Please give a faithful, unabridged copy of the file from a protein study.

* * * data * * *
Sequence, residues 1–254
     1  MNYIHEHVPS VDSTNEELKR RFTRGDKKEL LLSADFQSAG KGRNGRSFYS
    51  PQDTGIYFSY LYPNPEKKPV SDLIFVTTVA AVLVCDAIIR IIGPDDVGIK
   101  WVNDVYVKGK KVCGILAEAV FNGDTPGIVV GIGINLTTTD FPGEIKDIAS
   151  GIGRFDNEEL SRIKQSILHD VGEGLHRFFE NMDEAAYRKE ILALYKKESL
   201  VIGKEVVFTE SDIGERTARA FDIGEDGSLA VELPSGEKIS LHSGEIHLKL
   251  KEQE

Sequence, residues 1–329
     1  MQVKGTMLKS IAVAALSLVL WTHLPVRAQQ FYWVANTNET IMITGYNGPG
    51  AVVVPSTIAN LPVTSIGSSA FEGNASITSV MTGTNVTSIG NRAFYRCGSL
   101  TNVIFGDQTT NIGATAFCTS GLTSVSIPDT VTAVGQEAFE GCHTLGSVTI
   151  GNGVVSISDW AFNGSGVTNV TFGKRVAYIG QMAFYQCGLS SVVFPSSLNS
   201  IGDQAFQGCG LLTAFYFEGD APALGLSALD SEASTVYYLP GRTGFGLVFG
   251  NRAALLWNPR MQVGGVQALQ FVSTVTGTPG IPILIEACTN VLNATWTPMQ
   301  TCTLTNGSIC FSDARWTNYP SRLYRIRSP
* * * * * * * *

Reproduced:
Sequence, residues 1–254
     1  MNYIHEHVPS VDSTNEELKR RFTRGDKKEL LLSADFQSAG KGRNGRSFYS
    51  PQDTGIYFSY LYPNPEKKPV SDLIFVTTVA AVLVCDAIIR IIGPDDVGIK
   101  WVNDVYVKGK KVCGILAEAV FNGDTPGIVV GIGINLTTTD FPGEIKDIAS
   151  GIGRFDNEEL SRIKQSILHD VGEGLHRFFE NMDEAAYRKE ILALYKKESL
   201  VIGKEVVFTE SDIGERTARA FDIGEDGSLA VELPSGEKIS LHSGEIHLKL
   251  KEQE

Sequence, residues 1–329
     1  MQVKGTMLKS IAVAALSLVL WTHLPVRAQQ FYWVANTNET IMITGYNGPG
    51  AVVVPSTIAN LPVTSIGSSA FEGNASITSV MTGTNVTSIG NRAFYRCGSL
   101  TNVIFGDQTT NIGATAFCTS GLTSVSIPDT VTAVGQEAFE GCHTLGSVTI
   151  GNGVVSISDW AFNGSGVTNV TFGKRVAYIG QMAFYQCGLS SVVFPSSLNS
   201  IGDQAFQGCG LLTAFYFEGD APALGLSALD SEASTVYYLP GRTGFGLVFG
   251  NRAALLWNPR MQVGGVQALQ FVSTVTGTPG IPILIEACTN VLNATWTPMQ
   301  TCTLTNGSIC FSDARWTNYP SRLYRIRSP